Signs not Wonders: Understanding the Miracles of Jesus - The Way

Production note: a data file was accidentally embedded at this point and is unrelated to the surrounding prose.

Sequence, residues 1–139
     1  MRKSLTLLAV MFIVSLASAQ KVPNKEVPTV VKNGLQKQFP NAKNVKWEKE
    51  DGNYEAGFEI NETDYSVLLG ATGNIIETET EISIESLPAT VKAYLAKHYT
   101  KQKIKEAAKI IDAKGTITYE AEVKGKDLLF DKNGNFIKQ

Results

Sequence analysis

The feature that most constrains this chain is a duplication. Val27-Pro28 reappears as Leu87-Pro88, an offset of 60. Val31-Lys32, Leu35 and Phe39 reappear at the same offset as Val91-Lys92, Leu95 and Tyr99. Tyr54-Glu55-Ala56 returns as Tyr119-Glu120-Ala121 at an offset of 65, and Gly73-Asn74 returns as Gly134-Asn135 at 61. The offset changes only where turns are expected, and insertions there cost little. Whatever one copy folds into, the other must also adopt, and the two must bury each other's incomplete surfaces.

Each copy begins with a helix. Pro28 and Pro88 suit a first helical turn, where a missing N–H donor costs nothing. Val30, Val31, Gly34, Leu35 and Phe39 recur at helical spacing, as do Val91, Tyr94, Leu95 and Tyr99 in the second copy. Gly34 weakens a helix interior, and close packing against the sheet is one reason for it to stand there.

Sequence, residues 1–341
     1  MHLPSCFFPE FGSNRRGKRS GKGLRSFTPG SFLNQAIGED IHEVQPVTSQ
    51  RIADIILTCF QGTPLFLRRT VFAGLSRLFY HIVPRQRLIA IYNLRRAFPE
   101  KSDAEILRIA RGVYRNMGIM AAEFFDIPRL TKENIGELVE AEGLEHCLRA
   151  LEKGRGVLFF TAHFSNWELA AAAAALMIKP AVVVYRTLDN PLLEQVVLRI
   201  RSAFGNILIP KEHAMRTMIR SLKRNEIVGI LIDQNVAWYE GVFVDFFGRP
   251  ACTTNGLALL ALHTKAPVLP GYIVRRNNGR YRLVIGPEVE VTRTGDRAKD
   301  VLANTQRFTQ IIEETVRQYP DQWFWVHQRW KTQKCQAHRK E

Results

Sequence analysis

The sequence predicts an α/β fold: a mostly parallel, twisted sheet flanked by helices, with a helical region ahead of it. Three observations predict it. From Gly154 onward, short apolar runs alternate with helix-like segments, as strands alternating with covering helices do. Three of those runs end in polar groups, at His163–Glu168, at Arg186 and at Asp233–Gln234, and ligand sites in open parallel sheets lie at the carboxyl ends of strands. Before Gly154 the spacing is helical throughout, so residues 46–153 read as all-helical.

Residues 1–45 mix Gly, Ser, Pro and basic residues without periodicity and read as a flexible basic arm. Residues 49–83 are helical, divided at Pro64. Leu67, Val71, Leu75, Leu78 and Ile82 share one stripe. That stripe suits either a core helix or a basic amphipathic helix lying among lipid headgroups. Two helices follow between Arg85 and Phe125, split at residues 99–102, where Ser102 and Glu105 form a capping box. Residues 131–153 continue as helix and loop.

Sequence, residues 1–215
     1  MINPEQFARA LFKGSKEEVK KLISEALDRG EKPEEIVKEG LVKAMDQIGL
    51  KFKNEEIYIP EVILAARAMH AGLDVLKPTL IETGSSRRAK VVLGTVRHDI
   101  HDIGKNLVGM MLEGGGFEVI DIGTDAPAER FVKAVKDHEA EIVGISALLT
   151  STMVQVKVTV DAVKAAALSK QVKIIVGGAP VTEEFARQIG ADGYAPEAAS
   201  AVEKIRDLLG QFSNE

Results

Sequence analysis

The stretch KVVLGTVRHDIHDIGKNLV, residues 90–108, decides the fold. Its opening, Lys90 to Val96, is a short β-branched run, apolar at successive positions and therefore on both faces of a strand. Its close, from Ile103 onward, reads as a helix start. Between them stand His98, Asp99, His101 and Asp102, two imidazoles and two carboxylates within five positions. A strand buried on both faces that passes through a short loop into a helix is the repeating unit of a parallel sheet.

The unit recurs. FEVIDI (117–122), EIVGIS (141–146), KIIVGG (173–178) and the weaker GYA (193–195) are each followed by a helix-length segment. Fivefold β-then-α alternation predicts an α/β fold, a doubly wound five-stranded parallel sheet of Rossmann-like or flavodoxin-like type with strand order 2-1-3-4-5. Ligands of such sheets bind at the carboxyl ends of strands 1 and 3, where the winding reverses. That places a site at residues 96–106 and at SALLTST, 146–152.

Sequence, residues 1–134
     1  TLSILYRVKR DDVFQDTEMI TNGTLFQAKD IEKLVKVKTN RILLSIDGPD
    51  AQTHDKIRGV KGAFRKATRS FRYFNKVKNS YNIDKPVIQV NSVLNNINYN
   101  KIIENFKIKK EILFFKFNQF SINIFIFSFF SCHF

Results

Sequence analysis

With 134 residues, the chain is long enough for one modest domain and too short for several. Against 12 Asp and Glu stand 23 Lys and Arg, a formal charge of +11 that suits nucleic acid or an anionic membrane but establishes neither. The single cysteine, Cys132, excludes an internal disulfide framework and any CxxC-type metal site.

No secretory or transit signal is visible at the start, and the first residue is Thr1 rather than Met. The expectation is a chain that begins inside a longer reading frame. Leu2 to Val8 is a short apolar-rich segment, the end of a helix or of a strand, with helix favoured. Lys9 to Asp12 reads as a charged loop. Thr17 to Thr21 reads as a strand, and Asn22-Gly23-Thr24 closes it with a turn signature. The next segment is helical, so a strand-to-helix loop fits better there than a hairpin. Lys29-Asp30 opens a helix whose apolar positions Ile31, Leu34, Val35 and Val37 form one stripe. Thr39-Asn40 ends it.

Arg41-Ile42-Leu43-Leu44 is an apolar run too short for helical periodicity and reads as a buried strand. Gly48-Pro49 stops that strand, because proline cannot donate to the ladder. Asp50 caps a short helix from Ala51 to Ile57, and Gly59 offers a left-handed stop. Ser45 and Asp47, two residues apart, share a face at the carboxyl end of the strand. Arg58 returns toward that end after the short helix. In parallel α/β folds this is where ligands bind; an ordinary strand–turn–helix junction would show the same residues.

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1 307 SIGNS N O T WONDERS: U N D E R S T A N D I N G THE MIRACLES OF JESUS AS JESUS U N D E R S T O O D THEM By G E O R G E S O A R E S - P R A B H U T IS IMPOSSIBLE TO SPEAK authentically about Jesus without I referring to his miracles, because miracles form an indispens- able part of the earliest tradition about him. There is a passage (quite old) in the Babylonian Talmud which accuses Jesus of having led Israel astray through sorcery (Sanhedrin 43a); and another (less reliable) which tells us that he brought his spells with him from Egypt, concealed in a cut (Shabbat 104b). Even if these references do not contain independent traditions but are polemic Jewish reactions to the Christian proclamation of Jesus as a miracle- worker, they do tell us how important miracles must have been in the earliest preaching about him. Among the earliest reports about Jesus are the set formulae used in early Christian preaching, which Luke in the Acts of the Apostles has inserted into the missionary sermons he has attributed to Peter and to Paul. In one of these we are told of 'how God anointed Jesus of Nazareth with the Holy Spirit and with power; and how he went about doing good and healing all that were oppressed by the devil, for God was with him' (Acts 10,38). This compact summary is fleshed out in the gospels. Each of these develops the story of Jesus in its own way, but all give importance to his miracles. Even J o h n the maverick Gospel,1 which describes only seven miracles (and none of them an exorcism!), 2 treats these miracles as significant. He describes them at consider- able length, and provides each with an extensive theological com- mentary which interprets it as a 'symbol of the new reality' revealed in Jesus. 3 The other three Gospels, the Synoptics, which are closer to history and to Jesus' own understanding of his miracles than